I like sports. I’m not a fanatic; I like the drama and watching the teams I like. I know people who will watch any and everything can that’s sports. I know people who spend 12 hours or more on Saturday watching as much college football as they can and do the same on Sunday with the NFL.
But I can’t sit and watch a game if it’s teams I don’t care about. I guess you can say I’m a casual fan (unless it’s my team). And I’m really taken with ESPN2 having the Pat McAfee show do a fun second version of a college game. They divide into teams to support each team playing. But it’s more than support, there are donations to each school’s favorite charity for first downs and scoring plays.
Then, the cast does crazy things like trying to throw a football through a basketball hoop, trying to throw a toy football (with fins) into a football target net, etc. When they’re successful they double, triple, or quadruple that scoring drive’s donation. Last week they raised about $43,000 for one school’s charity, $40,000 for the other, and doubled it by also donating an equal amount to the Red Cross for Hurricane Ian recovery.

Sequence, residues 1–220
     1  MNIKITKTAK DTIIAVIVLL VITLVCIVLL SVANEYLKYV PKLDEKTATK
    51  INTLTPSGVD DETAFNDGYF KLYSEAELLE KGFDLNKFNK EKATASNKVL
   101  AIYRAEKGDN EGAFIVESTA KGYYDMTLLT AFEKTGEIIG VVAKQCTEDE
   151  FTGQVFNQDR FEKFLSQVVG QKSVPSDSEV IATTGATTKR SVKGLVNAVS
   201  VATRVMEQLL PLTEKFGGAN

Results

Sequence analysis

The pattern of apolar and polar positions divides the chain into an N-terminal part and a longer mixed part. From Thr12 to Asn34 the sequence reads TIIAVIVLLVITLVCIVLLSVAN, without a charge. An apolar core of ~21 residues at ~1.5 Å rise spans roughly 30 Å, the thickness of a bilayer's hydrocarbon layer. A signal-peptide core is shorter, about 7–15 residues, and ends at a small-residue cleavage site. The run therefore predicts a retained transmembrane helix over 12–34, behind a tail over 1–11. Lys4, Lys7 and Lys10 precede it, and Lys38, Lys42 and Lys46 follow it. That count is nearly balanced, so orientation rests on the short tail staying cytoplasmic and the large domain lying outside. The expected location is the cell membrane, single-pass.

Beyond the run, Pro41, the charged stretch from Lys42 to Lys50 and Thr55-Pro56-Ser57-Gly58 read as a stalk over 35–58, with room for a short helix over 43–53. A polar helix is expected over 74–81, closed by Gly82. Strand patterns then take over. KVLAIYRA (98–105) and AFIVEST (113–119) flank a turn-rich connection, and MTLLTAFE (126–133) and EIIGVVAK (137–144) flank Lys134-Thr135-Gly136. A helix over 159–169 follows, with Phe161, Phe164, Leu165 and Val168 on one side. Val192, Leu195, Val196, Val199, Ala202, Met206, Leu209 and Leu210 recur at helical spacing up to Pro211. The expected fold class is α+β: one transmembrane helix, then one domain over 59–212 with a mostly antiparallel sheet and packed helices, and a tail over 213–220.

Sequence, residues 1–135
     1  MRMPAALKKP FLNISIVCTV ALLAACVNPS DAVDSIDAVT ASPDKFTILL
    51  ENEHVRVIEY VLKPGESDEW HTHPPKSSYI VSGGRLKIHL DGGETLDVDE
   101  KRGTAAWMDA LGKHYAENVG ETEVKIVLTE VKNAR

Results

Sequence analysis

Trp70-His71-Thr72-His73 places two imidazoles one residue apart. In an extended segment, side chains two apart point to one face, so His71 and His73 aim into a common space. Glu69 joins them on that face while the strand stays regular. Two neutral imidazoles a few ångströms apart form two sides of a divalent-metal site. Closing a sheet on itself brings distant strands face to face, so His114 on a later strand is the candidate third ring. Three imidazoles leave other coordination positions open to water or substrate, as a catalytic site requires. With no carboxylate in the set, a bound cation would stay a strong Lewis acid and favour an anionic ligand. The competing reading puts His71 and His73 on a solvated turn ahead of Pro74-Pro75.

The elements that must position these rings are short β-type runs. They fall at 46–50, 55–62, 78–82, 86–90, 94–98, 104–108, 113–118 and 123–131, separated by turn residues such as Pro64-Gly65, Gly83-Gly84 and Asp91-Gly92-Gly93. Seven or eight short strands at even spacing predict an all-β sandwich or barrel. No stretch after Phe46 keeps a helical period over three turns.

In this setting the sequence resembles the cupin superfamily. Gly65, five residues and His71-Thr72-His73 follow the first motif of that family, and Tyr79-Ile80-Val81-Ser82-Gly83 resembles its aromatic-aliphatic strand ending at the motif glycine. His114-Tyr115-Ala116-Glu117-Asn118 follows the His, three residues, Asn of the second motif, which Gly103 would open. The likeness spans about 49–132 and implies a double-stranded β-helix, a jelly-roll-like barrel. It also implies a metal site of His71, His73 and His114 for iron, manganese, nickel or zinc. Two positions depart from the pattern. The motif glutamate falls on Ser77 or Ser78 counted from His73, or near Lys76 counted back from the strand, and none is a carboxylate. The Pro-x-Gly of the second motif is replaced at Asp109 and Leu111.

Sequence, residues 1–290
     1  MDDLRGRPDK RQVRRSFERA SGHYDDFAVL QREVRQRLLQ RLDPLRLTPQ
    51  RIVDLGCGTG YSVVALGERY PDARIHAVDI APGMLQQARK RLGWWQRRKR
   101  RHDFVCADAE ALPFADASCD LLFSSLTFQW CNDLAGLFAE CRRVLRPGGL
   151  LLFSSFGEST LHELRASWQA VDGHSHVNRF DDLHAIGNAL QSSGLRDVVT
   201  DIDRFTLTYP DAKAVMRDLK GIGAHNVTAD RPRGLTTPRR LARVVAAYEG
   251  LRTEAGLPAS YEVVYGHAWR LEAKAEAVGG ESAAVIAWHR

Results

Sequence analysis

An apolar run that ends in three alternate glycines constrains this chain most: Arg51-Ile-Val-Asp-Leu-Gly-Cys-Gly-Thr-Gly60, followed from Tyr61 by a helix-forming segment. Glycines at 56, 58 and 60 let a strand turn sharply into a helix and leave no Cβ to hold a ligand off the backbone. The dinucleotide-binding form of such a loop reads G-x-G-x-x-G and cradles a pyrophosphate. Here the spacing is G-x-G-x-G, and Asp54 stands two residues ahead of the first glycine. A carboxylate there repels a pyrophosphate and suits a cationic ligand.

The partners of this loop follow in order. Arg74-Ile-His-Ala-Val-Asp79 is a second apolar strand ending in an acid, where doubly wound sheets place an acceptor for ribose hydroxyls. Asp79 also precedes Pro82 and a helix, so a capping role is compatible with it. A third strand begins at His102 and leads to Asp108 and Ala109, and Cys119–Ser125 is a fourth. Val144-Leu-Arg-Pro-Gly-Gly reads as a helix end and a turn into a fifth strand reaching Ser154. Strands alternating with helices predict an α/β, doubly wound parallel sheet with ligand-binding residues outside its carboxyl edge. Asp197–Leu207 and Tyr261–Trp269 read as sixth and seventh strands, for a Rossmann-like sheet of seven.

The McAfee thing got me keeping on a game I wouldn’t normally have on. And it brings up the question:
What are we doing to capture the attention of those people who aren’t the fanatics (for what we do) but who could benefit from what we do?
This is the very heart of marketing. How to reach people who we need to reach whether it’s for our services or (in our case) matching business sellers with buyers and vice versa. It’s too bad there’s no easy answer. For some it’s advertising. For others it’s referrals (a great way) and repeat business (even better than referrals).
It’s knowing what works for you and to keep doing it, while always experimenting with new tactics, and, most important, tracking whatever you can track.
“Half the money I spend on advertising is wasted; the trouble is, I don’t know which half.” John Wanamaker